The Data-Based Coaching Awards debuted last offseason on SI.com, and they were such a hit (the Lexington-market ratings for the awards show beat
He took a Final Four team from 2011-12 that already ranked No. 1 in defensive efficiency -- and made it 14.9 points per 100 possessions better in '12-13. The Cardinals won a national title while finishing No. 1 overall in adjusted efficiency on kenpom.com, and Pitino had the top after-timeout efficiency of any coach in the NCAA tournament (minimum three games played).
The Golden Griffins went from 5-25 to 20-14 in Baron's first season, in large part because he brought along his sharpshooting son Billy, who had previously played for pops at Rhode Island. Still, getting a team to improve 23.8 points per 100 possessions -- the largest one-year gain in the nation -- is a remarkable feat.
He took over one of the nation's worst teams two years ago, and presided over an absurd, 35.1-points-per-100-possessions gain -- and the school's first trip to the NCAA tournament in seven seasons, finishing off with a near-upset of Gonzaga in a 1-16 game.
I took Synergy Sports Technology's after-timeout efficiency data, adjusted it for defensive strength of schedule, and Coach K's Blue Devils came out on top, at 1.017 points per possession. In second place was a decidedly less famous name: Eastern Kentucky's Jeff Neubauer, whose Colonels had the best raw ATO PPP of anyone in the nation.
At the outset of the tourney, kenpom.com's log5 projections gave the No. 9 Shockers just a 1.0 percent chance of reaching the Final Four -- even longer than the 2.1 percent odds that No. 15 Florida Gulf Coast was given of reaching the Sweet 16. Marshall's team proceeded to reach Atlanta by blazing the toughest trail of any Final Four team in the past 11 years.
I enlisted Crashing the Dance's Andy Cox to calculate Net Efficiency Margins for the Elite Eight teams -- essentially, a measure of how well they played vs. what the average D-I team would be expected to against each opponent. As good as Pitino's Cardinals were defensively all season, they won the NCAA tournament because of the quality of their offense, which was a full 28.5 points per 100 possessions better than an average D-I team's expectations. (Michigan came in second).
This race wasn't close. According to Cox's NEM stat, the Orange's tourney defense was more than twice as good as Louisville's, and 34.4 points per 100 possessions better than an average D-I team's expectations. The praise for Boeheim's 2-3 zone during March was entirely justified.
Burke had one of the greatest point guard seasons of the past decade, combining high efficiency and high usage while piloting the nation's best offense ... and barely ever coming off the court. He posted a 121.2 offensive rating while using 29.0 percent of the Wolverines' possessions, and played 35.3 minutes per game.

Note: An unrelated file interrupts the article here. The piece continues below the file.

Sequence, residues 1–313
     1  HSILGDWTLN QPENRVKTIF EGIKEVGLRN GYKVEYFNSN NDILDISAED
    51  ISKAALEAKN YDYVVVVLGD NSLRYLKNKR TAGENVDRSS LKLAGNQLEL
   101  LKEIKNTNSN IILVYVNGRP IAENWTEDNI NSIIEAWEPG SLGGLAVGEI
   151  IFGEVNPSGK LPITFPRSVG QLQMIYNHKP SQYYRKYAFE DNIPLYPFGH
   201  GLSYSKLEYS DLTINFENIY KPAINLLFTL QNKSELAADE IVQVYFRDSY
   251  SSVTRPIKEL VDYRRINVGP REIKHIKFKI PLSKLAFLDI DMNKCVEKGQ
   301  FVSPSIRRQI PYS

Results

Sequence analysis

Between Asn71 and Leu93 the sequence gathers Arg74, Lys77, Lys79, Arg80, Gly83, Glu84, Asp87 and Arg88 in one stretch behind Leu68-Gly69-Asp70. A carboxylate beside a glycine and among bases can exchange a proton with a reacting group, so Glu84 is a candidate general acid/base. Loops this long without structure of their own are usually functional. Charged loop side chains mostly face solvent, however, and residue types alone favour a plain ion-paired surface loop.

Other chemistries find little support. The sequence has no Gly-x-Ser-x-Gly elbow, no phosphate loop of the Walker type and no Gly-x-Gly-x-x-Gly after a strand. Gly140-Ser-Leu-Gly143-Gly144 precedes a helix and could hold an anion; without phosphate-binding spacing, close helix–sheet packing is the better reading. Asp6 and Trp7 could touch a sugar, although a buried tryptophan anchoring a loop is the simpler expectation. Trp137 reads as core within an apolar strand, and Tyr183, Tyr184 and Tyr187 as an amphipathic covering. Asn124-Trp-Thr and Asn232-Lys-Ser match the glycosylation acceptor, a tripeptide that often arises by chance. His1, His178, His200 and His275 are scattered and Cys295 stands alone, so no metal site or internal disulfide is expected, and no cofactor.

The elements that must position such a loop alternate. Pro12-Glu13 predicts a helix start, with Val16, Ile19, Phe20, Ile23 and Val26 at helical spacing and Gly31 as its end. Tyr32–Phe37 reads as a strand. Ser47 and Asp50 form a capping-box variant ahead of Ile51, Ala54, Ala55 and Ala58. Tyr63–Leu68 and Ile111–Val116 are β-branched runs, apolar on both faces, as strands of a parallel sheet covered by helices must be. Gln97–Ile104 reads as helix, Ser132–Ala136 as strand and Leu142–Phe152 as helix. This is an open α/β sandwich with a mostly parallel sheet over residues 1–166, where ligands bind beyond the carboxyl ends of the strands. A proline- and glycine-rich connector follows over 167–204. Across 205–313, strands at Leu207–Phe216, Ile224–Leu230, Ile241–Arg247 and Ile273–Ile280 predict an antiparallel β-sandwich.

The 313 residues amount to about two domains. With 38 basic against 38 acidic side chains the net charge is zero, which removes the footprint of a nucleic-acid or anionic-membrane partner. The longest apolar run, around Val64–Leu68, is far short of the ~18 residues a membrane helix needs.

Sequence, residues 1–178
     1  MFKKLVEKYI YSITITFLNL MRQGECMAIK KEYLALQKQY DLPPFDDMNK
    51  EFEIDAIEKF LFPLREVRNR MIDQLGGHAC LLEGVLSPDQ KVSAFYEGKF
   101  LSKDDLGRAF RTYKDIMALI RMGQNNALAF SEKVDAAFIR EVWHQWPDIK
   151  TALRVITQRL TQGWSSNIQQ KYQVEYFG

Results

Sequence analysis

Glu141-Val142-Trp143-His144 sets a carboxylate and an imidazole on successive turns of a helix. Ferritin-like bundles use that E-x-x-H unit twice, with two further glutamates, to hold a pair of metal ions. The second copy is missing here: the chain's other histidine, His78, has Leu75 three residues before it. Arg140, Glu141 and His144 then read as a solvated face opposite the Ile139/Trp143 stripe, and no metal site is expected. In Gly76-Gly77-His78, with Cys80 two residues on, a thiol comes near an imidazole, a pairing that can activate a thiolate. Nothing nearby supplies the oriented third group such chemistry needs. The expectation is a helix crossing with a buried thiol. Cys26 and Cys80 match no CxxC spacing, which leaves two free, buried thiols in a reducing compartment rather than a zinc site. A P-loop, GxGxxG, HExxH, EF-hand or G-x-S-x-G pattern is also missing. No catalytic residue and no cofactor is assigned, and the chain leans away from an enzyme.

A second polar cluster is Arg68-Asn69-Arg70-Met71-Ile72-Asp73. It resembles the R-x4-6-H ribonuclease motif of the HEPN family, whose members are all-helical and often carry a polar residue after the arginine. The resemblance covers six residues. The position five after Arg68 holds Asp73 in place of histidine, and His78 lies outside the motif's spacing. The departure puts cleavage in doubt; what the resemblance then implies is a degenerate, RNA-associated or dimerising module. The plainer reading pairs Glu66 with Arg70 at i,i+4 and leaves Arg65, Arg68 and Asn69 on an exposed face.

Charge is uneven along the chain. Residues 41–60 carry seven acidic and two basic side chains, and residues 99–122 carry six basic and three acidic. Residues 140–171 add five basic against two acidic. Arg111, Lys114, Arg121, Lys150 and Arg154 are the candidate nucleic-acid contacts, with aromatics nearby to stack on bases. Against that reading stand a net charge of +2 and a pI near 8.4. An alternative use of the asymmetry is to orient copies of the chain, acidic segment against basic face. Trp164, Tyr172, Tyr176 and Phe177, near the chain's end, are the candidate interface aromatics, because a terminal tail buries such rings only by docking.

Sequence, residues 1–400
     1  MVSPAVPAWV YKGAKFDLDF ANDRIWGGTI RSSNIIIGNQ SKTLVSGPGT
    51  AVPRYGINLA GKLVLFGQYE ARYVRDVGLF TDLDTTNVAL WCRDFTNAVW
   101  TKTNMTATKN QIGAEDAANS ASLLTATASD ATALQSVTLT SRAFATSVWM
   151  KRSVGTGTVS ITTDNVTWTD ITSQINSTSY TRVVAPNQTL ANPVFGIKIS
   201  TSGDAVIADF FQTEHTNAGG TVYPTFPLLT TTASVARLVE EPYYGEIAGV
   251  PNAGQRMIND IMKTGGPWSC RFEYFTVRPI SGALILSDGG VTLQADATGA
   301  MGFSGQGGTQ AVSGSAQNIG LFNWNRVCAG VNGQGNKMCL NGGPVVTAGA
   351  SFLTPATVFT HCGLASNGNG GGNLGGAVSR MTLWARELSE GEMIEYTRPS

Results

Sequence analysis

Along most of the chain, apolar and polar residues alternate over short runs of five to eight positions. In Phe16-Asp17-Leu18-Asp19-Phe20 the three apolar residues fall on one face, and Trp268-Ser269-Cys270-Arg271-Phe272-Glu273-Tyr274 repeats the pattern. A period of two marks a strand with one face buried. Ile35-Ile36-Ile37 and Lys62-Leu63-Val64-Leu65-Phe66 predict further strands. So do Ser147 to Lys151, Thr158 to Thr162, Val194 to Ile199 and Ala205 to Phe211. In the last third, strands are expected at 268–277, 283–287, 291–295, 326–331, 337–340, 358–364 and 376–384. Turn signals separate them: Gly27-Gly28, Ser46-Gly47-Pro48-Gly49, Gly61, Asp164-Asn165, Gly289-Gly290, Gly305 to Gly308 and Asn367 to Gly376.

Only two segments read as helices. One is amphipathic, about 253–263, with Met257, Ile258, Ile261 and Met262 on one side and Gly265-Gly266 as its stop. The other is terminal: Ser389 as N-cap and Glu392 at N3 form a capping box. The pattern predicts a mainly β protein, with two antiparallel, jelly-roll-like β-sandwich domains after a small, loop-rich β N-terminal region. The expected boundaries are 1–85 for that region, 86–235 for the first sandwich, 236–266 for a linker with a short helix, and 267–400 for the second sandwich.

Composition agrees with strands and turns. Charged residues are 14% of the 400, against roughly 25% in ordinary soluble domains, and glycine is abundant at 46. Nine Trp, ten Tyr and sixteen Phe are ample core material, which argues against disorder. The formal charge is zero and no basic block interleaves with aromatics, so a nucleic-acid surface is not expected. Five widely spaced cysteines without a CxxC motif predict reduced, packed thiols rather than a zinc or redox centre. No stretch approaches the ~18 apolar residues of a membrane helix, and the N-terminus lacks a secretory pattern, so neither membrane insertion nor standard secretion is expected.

Among the reasons Wolters is an attractive second-round pick in the upcoming NBA draft: The 123.5 ORating he posted on 30.3 percent usage, coupled with a high assist rate, compares favorably to the numbers of a few recent mid-major point guards who made the leap to the league (Weber State's Damian Lillard, Hofstra's Charles Jenkins and IUPUI's George Hill).
Smith, who often saw 1-on-4 breaks as prime rim-attacking opportunities, averaged a nation-high 8.4 transition points per 40 minutes. He and Peyton Siva also served as the primary ball-pressurers in the Cardinals' press, and Smith led the team in turnovers-forced percentage during the NCAAs.
While there's no perfect stat for evaluating overall defensive quality, there are strong numbers supporting Kazemi's case. Last season, while the 6-foot-7 forward was still at Rice, the Ducks ranked 158th in defensive efficiency; this year, with him in their lineup as a senior transfer, they ranked 10th. Kazemi led the nation in defensive rebounding percentage, at 29.0, ranked 52nd in steal percentage, at 4.1, and proved capable of guarding all five positions.
The flat-topped Irish power forward was the closest thing the sport had to a 20-20 rebounder: He finished with an offensive rebounding percentage of 17.4 (quite the feat in the Big East, and the third-highest rate in the nation) and a defensive percentage of 24.0. Michigan's Mitch McGary, judging by his NCAA tournament performance, may be ready to inherit this crown in '13-14.
The 7-footer ranked fifth nationally in block percentage, at 13.7, but that doesn't tell the whole story. His presence in the paint helped KU lead the nation in two-point field goal percentage defense (39.3) and, according to hoop-math.com's data, hold opponents to the nation's lowest at-the-rim shooting percentage (52) as well.
How one-dimensional was Wragge in '12-13? So much that 93.6 percent of his shot attempts (175 of 187) were from beyond the arc, making him the most three-point focused role player in the nation. It's an excellent role for him, though: He made 44.6 percent of those treys, and was the most efficient scorer in the Valley's best offense.